“Why, in the name of God, have we no part of the Maryland Regiments…to save us from destruction…”

In the last campaigns of the fall of 1813,  British warships under the command of Captain Robert Barrie of  H.M. ship-of-the-line Dragon continue to carry our numerous raids on the southern western shores of Maryland. Throughout the summers of 1813-14 the British raided along the Patuxent-Potomac rivers and the islands of Blackistone and St. George’s (November 1814). In a letter dated November 6, 1813 a gentleman farmer in St. Mary’s County  informed his friend in Washington of the predatory British raids:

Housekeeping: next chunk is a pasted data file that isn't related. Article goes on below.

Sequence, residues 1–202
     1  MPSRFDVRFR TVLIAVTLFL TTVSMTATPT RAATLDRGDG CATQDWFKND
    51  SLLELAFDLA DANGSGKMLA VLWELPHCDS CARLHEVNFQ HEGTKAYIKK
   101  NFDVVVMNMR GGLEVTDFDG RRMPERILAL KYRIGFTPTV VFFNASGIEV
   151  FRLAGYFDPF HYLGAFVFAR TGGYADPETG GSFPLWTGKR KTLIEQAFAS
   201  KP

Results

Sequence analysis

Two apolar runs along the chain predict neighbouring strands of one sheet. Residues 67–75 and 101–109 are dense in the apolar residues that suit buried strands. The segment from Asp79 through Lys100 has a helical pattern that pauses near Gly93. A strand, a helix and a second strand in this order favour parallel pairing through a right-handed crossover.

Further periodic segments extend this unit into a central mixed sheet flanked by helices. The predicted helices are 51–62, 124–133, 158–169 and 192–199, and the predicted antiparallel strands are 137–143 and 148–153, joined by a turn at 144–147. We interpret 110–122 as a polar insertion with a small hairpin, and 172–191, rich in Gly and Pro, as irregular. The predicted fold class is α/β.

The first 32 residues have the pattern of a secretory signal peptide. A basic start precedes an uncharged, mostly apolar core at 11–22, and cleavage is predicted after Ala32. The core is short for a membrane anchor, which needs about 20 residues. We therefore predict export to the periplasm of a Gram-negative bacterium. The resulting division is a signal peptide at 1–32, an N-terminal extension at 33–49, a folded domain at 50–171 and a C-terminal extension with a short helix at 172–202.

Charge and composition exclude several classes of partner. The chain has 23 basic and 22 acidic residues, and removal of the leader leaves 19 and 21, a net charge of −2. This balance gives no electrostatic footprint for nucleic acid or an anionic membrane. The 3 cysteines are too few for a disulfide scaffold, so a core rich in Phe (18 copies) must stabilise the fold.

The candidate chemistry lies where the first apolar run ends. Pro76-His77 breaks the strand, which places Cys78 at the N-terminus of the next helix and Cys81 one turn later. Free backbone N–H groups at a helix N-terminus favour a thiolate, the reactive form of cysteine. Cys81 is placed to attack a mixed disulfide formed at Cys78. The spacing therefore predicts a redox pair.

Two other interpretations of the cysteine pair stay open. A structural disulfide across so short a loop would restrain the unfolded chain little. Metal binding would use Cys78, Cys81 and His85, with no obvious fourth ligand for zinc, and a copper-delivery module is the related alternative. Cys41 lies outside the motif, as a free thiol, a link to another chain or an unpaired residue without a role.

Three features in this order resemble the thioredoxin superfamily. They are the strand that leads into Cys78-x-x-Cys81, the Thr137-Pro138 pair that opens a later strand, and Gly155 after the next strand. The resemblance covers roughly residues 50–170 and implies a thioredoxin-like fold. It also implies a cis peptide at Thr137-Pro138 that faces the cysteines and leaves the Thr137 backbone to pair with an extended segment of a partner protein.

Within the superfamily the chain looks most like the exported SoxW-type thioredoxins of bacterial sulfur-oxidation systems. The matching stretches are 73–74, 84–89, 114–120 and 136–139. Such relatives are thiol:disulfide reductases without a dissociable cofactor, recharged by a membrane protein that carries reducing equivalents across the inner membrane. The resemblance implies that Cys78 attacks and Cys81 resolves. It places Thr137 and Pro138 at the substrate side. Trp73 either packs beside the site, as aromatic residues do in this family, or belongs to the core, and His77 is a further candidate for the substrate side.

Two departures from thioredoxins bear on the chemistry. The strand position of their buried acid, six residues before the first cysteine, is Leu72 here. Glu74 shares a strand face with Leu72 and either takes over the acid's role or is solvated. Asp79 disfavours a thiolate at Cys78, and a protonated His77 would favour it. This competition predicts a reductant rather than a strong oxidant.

“Once more we are thrown on the tempestuous waves of predatory war. The enemy have again appeared to harass and annoy us. The most terrible evil, however, is the destruction of negroes, which is extending to a ruinous and most alarming extent. Between one and two hundred have joined the fleet in the last week. If the war continues a year longer, all our men of property will be entirely ruined. Why, in the name of God, have we no part of the Maryland Regiments sent from Washington to save us from destruction…”

Source: Engine of Liberty and Uniontown Advertiser (Maryland), November 6, 1813.

Published in: on April 10, 2011 at 5:25 pm  Leave a Comment